How to Read and Write Byte Streams

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Reading and writing binary streams is one of the commonest I/O tasks a Java application can perform. It can be performed by looking at each individual byte in a stream or by using a more structured buffered approach.

Note: This article looks at reading binary data from a example.jpg file. If you try this code then simply replace the name of the example.jpg with the path and name of a jpeg file on your computer.

Byte by Byte

The java.io class was the first Java api to provide Input/Output functionality. It has two methods that can be used to input and output byte streams (blocks of 8 bits) from and to a file. These classes are the FileInputStream and FileOutputStream. These methods provide a basic method of I/O by allowing a file to be input or output one byte at a time.  In practice it's better to use a buffered method for binary streams but it's good to look at the most basic building block of the Java I/O functionality.

Notice how we place the I/O handling inside a try, catch, finally block - this is to make sure we handle IO exceptions and to properly close the streams. The catch block will show any I/O exceptions that occur and print a message for the user. In the finally block it's important to close the streams explicitly by calling the close method otherwise they will remain open and a waste of resources.

There is a check to see if the FileInputStream and FileOutputStream are null before attempting to close. This is because an I/O error could occur before the streams are initialized. For example, if the file name is incorrect the stream will not be opened properly.

        FileInputStream fileInput = null;
        FileOutputStream fileOutput = null;

        try 
        {
            //Open the input and out files for the streams
            fileInput = new FileInputStream("C:\\example.jpg");
            fileOutput = new FileOutputStream(C:\\anewexample.jpg");
           
        }
        catch (IOException e)
        {
            //Catch the IO error and print out the message
            System.out.println("Error message: " + e.getMessage());
        }    
         finally 
        {
            //Must remember to close streams
            //Check to see if they are null in case there was an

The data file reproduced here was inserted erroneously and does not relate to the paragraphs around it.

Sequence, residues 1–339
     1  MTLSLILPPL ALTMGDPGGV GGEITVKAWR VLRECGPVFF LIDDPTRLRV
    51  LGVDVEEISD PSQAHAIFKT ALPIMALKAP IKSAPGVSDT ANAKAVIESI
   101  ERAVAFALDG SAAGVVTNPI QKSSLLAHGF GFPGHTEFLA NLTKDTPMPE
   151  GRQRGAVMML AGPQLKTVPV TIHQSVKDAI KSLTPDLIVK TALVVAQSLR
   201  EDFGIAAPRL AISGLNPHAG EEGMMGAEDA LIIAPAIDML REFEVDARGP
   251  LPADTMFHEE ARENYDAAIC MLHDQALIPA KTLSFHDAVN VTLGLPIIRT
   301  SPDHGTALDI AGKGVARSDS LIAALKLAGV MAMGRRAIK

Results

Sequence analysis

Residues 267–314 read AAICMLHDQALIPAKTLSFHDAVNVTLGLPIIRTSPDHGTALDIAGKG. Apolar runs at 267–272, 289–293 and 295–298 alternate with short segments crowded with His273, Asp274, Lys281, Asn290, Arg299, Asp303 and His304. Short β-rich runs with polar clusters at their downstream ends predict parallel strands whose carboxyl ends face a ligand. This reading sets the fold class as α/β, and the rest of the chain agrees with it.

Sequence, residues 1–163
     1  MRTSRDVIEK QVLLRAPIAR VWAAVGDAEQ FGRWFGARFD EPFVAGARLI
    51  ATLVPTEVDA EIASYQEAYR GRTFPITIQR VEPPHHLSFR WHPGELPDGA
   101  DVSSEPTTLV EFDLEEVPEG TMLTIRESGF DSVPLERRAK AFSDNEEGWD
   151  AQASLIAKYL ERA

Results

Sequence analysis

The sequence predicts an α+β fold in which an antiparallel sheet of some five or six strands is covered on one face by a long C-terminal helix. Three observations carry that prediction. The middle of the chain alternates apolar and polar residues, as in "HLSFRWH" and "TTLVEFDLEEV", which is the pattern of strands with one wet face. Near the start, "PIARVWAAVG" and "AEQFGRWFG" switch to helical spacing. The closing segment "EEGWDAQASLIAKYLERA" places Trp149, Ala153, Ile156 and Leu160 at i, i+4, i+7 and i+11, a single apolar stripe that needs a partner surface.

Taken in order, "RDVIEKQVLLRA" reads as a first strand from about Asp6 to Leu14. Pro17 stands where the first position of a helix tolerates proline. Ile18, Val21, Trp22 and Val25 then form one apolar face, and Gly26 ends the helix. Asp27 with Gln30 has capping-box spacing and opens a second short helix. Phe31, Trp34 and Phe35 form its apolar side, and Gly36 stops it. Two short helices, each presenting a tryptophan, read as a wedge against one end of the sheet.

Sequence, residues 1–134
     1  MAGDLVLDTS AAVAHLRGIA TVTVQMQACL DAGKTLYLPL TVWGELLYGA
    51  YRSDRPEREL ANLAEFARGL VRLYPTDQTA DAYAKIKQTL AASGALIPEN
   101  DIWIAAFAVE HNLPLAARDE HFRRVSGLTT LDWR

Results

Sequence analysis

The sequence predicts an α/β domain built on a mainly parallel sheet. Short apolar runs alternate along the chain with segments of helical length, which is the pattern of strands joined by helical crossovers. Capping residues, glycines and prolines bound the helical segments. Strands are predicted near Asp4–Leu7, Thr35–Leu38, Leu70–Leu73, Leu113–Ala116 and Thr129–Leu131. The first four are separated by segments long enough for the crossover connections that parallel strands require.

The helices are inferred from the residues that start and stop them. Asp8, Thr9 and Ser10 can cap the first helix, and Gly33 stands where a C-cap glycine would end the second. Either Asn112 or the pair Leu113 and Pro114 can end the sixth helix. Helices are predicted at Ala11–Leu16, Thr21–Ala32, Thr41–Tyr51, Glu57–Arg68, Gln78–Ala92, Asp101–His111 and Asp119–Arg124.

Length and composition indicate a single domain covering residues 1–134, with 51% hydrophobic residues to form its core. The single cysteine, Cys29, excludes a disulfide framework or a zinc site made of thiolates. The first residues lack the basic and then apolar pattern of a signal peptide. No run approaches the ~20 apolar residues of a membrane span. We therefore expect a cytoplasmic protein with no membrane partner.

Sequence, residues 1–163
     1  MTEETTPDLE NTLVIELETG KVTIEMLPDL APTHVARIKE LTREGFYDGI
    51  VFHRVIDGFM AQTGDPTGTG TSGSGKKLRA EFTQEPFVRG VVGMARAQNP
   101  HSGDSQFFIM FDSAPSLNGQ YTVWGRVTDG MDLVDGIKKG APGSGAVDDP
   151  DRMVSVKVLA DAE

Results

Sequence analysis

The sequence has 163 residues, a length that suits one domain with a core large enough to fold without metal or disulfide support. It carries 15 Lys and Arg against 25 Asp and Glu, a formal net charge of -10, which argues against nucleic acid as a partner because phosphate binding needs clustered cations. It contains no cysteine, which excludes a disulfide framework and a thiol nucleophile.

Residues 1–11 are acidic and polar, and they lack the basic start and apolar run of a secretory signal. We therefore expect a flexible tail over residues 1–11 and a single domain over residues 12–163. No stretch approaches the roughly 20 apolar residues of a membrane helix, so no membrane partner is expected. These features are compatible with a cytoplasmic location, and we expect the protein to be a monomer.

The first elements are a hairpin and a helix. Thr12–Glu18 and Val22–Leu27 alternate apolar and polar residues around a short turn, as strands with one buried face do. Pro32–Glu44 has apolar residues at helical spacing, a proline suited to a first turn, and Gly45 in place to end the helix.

//IO error and they are never initialized
            if (fileInput != null)
            {
                fileInput.close();
            }
            if (fileInput != null)
            {
                fileOutput.close();
            }
        }
        
    

In the try block we can add code to read in the bytes:

            int data;

            //For each byte read it in from the input file
            //and write it to the output file
            while ((data = fileInput.read()) != -1) 
            {
                fileOutput.write(data);
            }

The read method reads in one byte from the FileInputStream and the write method writes one byte to the FileOutputStream. When the end of the file is reached and there are no more bytes to input the value of -1 is returned.

Now that Java 7 has been released you can see the benefit of one of its new features - the try with resources block. This means that if we identify the streams to the try block at the beginning it will handle closing the stream for us. This eliminates the need for the finally block in the previous example:

        try ( FileInputStream fileInput = new FileInputStream("C:\\example.jpg");
            FileOutputStream fileOutput = new FileOutputStream("C:\\anewexample.jpg"))
        {
            
            int data;

            while ((data = fileInput.read()) != -1) {
                fileOutput.write(data);
            }
        }
        catch (IOException e)
        {
            System.out.println("Error message: " + e.getMessage());
        }

The full Java code listings for the two versions of the byte reading program can be found in Binary Stream Example Code.